OBTAIN A PERMIT
If you think your property is regulated, please contact Long Point Region Conservation Authority directly so we can discuss your proposed project. If your proposal is a regulated activity in a regulated area, a permit is required. Permit application forms are available to download, as well as, from our office or via email or fax.
If your property is subject to O.Reg. 178/06 and development is proposed, an application for permission is required. Download a copy of the Permit Application and submit with your fee.
THE PERMIT PROCESS: HOW DO I APPLY?
STEP 1 Call and discuss your plans with us
We strongly encourage you to first contact our office to discuss your plans. This free consultation will help you determine whether a permit is needed, and if so, what to expect during the permitting process and whether drawings and studies are required.
To discuss your plans or make an appointment, call 519-842-4242 or email us at firstname.lastname@example.org.
To ensure the appropriate staff member is available to speak with you and minimize your wait time, please make an appointment before visiting our office.
STEP 2 Submit an application form and fee.
Application forms and the current fee schedule are available by calling our office or visiting www.lprca.on.ca.
Avoid delays and complications – Make sure your contractors and consultants talk to us
before completing your detailed drawings or technical studies.
STEP 3 The Review Process
Every proposed project is unique, so the information required for a complete application and the time required to review each application varies. LPRCA recommends that you apply at least 4-6 months before you plan to start work.
Applications for minor activities where no technical studies or review are required can be processed in 30 days or less.
If the nature of your plans and your property is more complex or if technical studies and review are required, the review process can take longer. After receiving your application, we will let you know within 15 days whether it is complete, and if not, what is missing.
After receiving all the required information, a decision will be made within 30 days.
LPRCA may grant permission for development in or on the areas described in O. Reg. 178/06 if the control of flooding, erosion, dynamic beaches, pollution or the conservation of land, or an alteration to a watercourse or interference with a wetland is not affected by the proposed works. The onus is on the proponent to provide the supporting documentation, technical studies and reports to satisfy the Regulation.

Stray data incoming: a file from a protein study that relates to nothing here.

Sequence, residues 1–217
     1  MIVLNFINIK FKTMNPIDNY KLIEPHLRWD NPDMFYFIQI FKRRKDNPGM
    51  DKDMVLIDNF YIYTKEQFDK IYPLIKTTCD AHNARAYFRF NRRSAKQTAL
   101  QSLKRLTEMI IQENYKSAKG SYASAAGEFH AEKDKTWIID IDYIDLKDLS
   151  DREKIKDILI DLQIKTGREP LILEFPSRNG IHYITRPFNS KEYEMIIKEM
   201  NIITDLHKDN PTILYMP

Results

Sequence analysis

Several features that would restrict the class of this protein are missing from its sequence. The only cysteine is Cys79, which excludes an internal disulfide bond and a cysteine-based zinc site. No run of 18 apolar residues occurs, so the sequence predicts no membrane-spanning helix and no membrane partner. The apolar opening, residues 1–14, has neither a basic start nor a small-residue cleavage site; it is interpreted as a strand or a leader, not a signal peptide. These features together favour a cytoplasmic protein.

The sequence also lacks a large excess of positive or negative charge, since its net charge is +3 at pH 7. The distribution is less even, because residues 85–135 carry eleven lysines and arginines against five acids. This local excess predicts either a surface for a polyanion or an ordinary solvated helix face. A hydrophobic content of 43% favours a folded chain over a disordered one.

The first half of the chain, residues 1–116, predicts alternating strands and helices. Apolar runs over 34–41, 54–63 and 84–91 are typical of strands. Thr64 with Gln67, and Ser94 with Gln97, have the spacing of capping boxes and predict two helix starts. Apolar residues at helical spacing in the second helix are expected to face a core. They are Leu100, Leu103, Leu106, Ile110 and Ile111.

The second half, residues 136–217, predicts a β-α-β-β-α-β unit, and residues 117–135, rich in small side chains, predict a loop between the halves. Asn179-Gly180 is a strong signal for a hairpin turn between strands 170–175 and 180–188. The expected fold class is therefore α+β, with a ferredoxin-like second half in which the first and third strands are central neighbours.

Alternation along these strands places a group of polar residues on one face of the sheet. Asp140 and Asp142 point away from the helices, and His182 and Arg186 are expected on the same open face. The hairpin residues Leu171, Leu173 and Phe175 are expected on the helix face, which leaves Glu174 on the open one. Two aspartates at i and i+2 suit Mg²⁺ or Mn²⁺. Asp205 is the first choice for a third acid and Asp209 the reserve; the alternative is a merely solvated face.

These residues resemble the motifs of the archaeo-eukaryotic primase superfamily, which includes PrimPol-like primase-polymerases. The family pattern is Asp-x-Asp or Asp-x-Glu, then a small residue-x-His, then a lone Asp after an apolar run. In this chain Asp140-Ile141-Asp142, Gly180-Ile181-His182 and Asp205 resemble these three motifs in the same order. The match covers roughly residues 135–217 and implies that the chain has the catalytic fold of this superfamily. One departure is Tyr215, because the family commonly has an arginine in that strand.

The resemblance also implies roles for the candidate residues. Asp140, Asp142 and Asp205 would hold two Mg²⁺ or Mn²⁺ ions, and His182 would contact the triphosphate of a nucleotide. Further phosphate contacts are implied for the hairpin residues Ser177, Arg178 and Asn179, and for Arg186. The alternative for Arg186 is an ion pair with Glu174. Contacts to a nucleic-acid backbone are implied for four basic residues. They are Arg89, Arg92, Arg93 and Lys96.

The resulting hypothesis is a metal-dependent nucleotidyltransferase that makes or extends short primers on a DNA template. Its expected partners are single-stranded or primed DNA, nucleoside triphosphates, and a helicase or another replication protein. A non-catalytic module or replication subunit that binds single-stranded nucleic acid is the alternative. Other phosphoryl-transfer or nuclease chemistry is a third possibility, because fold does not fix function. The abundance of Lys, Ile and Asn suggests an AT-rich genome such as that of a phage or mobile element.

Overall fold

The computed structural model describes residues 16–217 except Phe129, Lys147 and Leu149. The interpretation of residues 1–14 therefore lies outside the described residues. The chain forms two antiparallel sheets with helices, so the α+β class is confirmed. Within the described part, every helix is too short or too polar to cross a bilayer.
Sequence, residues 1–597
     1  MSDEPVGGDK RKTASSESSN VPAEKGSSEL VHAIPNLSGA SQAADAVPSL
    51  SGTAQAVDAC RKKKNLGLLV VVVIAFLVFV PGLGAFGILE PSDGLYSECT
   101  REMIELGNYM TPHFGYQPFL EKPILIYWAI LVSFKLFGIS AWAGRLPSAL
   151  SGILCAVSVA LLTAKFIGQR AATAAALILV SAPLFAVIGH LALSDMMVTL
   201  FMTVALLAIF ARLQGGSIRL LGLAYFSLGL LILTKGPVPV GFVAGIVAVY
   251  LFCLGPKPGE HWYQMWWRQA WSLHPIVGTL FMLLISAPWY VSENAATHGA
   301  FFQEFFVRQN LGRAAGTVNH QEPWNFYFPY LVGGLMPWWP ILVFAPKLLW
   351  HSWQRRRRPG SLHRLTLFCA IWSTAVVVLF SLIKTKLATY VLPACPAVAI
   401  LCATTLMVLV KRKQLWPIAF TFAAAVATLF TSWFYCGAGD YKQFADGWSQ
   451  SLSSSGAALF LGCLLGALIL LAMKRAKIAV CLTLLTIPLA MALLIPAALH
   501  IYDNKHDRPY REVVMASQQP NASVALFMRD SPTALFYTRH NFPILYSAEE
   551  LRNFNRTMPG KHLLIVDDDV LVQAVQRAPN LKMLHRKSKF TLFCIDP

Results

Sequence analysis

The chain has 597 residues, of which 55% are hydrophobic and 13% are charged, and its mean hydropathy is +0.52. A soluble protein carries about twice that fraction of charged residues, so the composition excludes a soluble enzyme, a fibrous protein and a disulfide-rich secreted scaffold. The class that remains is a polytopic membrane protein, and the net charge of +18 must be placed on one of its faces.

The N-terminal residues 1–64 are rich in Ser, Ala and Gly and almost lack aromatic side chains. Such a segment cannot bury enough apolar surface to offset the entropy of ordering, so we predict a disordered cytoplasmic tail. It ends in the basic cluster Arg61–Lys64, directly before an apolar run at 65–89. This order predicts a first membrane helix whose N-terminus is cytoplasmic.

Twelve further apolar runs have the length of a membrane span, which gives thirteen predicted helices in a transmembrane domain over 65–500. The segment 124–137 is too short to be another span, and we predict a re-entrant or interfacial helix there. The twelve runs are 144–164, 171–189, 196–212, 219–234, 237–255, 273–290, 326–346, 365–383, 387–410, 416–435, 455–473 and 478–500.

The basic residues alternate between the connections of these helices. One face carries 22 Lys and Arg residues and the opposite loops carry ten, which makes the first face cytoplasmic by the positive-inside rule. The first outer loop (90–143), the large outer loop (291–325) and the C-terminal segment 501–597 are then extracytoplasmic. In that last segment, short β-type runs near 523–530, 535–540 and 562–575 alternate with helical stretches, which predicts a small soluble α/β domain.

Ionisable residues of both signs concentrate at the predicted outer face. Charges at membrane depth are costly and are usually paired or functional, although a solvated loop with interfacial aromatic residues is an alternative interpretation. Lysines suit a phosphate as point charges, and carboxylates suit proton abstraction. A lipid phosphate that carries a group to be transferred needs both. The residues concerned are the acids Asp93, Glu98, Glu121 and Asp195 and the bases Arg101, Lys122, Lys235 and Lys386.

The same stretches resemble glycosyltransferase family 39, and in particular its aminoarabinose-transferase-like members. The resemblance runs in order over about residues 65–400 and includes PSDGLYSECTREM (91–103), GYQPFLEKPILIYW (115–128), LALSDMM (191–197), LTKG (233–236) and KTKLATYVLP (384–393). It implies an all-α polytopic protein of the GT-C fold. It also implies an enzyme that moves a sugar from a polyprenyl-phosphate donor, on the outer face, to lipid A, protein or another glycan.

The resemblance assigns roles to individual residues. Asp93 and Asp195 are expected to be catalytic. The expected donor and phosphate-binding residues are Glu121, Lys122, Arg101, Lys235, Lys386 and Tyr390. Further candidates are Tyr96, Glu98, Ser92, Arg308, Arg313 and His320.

LPRCA staff may require any submitted plan(s) and/or professional report(s) be peer reviewed by an expert in the field. The completion and submission of supporting documentation does not necessarily guarantee a favourable outcome.
When considering an application for permission, LPRCA staff evaluates the application based on conformity with LPRCA's Policies, LPRCA’s Shoreline Management Plan (1989) and the following Ministry of Natural Resources Technical Guides (1991) that include detailed engineering, geotechnical and scientific principles, practices and procedures for hazardous lands identification, planning and management:
- Technical Guide for Great Lakes – St. Lawrence River Shorelines, Flooding, Erosion and Dynamic Beaches
- Technical Guide: River and Stream Systems Flooding Hazard Limit
- Technical Guide: River and Stream Systems Erosion Hazard Limit
- Technical Guide for Hazardous Sites
Other controls, which address Conservation Authority issues, may exist through the local Zoning By-Law, Official Plan, site-specific development agreements and/or other legislation (e.g., Endangered Species Act). Proponents are advised to consult these documents for their specific requirements.
LPRCA cannot refuse an application without providing you an opportunity to speak to the LPRCA Board in support of your application (i.e. scheduling a Board Hearing). The preparation process for a hearing usually takes five to eight weeks after receipt of a complete application.
The Conservation Authorities Act provides the legislative basis to allow Conservation Authorities in Ontario to charge fees for services approved by the Minister of Natural Resources. Section 21(m.1) of the Act allows for the collection of fees for planning and development related activities such as:
- Plan review
- Public and legal inquiries
Refer to the Fee Schedule to determine the category of works and the type of permit you will need, as well as, the applicable fee. Please forward a cheque in the appropriate amount made payable to the LPRCA along with your permit application. Credit card payments are accepted over the phone or in person at LPRCA's administration office.